For the last years, we watched him visibly weaken with every treatment he had.  He was determined to stay and take care of our mom who had Alzheimer’s. Each Christmas for years we were sure it would be his last but he fought and to our joy, made it yet again. But last Fall, my sister and I were talking about how weak he had gotten. She felt he wouldn’t make it to Thanksgiving, I felt he wouldn’t make it to Christmas. We were both pretty close. He died on December 9, 2019.


(Me holding my dad’s hand during his last stay in the hospital.)

He spent eight days in the hospital with pneumonia. I stayed with our mom. My sister stayed with Dad. After pretty much curing him of the pneumonia he went in with, the doctors determined he was dying. We were not surprised and yet we were. He had fought so hard that we weren’t expecting him to go so fast.

We made arrangements for him to be brought back to their apartment to live out the few days remaining. He never spoke again. For five days, from Thursday to Monday, we sat with him, we tried to meet all his needs, and we took care of Mom. I had gone home on Wednesday evening and come back Friday morning. As I was walking down the hallway to their apartment, I was thinking to myself that I just could not walk in that apartment. To see my dad dying, I couldn’t do it. But I was praying too and the Lord said He was with me and I would be all right. And as I walked in, there were some favorite cousins who gave comfort. God provides.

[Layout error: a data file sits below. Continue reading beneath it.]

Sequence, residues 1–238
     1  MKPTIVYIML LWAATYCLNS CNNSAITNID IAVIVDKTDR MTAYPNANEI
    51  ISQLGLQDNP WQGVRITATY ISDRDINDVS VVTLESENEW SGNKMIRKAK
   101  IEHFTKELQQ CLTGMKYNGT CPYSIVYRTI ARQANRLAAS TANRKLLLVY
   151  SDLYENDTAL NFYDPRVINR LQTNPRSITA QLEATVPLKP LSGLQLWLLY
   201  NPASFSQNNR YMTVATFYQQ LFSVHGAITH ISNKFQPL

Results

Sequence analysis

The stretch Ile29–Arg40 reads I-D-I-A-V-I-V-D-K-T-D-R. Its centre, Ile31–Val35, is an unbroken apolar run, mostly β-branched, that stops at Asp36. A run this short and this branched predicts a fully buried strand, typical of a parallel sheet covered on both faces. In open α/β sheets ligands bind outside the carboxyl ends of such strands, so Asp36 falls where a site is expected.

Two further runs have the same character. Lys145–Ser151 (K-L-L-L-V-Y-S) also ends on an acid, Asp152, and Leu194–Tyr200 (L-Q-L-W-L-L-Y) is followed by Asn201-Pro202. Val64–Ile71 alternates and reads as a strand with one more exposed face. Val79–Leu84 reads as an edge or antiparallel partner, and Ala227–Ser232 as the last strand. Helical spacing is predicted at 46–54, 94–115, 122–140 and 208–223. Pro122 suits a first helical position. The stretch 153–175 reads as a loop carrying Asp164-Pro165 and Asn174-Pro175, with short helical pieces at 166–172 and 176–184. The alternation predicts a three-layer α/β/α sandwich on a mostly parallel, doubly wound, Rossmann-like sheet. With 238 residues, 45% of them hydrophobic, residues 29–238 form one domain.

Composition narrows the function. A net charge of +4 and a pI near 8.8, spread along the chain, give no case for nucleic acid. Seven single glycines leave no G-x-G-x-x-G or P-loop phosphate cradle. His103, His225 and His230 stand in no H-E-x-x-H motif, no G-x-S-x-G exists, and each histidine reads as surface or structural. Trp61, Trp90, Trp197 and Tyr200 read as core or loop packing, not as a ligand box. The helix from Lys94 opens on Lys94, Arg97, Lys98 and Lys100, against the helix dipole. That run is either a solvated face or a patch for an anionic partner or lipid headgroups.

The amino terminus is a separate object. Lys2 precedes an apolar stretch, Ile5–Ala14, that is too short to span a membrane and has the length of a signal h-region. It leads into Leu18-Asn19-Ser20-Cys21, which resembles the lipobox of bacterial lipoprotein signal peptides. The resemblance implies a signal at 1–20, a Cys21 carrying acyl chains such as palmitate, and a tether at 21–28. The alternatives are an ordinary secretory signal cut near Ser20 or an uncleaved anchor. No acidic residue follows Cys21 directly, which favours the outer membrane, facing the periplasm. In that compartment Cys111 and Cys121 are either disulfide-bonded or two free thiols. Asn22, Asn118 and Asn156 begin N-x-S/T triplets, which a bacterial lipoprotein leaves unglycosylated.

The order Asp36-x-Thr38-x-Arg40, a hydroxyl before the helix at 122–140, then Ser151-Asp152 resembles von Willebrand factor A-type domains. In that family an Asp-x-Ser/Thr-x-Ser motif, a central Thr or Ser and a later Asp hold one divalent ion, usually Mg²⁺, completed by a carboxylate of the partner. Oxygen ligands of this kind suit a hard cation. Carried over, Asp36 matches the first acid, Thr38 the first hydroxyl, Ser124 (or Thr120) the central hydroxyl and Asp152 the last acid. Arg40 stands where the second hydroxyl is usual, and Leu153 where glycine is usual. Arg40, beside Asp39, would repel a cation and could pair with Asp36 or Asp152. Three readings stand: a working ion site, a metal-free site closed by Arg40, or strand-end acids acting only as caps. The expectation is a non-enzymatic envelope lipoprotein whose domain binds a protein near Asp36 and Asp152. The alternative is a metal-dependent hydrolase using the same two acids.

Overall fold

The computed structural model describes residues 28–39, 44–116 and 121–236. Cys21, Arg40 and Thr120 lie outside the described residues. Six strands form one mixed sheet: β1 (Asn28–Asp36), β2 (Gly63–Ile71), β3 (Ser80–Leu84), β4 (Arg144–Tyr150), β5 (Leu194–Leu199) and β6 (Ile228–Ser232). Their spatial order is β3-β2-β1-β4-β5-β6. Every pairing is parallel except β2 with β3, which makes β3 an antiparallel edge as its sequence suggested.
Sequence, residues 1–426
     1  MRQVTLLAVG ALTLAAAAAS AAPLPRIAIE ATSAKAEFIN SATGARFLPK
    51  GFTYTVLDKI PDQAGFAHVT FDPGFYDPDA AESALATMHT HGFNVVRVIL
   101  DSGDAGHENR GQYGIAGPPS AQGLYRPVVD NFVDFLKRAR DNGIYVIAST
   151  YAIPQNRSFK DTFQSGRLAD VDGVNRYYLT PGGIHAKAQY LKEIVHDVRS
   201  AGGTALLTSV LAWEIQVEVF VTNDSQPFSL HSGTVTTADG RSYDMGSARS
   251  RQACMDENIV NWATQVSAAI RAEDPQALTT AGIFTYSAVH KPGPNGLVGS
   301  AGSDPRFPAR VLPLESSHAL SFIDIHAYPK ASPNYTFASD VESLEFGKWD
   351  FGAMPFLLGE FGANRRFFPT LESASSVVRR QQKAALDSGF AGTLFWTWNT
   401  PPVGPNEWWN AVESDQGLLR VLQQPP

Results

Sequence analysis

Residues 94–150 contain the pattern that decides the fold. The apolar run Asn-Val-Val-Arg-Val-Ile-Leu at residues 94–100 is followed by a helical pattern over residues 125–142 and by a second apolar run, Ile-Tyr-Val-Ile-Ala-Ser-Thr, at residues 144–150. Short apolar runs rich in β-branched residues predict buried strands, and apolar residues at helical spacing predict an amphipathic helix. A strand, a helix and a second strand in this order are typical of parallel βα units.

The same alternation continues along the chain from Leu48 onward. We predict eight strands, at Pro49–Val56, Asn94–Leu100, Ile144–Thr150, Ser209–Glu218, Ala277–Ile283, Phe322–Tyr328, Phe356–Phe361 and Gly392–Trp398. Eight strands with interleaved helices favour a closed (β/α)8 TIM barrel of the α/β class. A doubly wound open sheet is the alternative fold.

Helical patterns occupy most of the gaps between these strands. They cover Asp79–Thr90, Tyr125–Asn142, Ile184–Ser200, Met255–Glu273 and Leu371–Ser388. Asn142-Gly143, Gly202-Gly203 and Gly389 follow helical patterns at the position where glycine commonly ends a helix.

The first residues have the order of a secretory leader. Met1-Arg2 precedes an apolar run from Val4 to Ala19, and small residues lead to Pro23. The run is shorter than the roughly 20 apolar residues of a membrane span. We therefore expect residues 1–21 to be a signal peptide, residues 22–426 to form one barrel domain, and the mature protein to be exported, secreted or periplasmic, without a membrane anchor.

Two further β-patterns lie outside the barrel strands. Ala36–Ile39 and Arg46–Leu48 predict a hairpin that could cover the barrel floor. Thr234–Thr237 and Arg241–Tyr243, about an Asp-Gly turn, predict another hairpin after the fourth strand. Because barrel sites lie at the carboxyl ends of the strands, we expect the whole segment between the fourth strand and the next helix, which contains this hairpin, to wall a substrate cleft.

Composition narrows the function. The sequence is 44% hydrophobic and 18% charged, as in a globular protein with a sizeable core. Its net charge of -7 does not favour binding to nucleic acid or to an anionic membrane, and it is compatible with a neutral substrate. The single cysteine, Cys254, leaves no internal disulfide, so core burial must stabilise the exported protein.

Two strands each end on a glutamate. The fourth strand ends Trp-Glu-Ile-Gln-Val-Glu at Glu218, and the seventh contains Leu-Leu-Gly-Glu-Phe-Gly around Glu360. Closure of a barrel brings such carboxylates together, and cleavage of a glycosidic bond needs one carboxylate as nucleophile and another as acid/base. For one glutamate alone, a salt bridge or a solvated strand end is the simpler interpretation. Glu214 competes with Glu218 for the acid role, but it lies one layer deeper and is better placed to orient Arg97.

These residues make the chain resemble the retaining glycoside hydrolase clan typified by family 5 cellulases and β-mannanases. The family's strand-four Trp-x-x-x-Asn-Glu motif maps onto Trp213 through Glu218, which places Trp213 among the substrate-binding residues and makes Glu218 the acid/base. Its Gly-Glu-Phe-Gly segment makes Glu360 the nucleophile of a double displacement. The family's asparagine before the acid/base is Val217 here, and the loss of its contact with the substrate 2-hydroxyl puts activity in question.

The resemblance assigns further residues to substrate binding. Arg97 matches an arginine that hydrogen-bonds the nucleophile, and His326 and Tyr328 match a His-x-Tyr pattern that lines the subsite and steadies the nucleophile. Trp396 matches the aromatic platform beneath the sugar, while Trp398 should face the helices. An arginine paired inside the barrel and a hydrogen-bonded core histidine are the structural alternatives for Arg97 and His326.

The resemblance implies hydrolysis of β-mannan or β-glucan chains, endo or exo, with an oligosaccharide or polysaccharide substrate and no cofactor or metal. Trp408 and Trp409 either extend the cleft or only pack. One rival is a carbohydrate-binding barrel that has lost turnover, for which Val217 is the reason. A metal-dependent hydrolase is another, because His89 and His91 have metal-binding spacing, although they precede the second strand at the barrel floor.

(Picture of a picture, sorry. And it’s old, but this is a great family to be part of. I am the fuzzy haired one below Dad.)

Over those days, we siblings had times of laughter, times of tears, times of peace and times of fear. We shared them as a family. There were always arms to hold the crying and shared laughter in the recounting of stories from our childhood. Numerous cousins came to say goodbye to Dad and we enjoyed their visits.

I knew the end was near that last day. But none of that old terror came back. Instead, there was a peace that truly passed understanding as stated in Philippians 4:7, “And the peace of God, which transcends all understanding, will guard your hearts and your minds in Christ Jesus”. There was sadness for sure, but not the panic that I wouldn’t survive his loss as I had lived with most of my life. My heart and mind were secure in Jesus.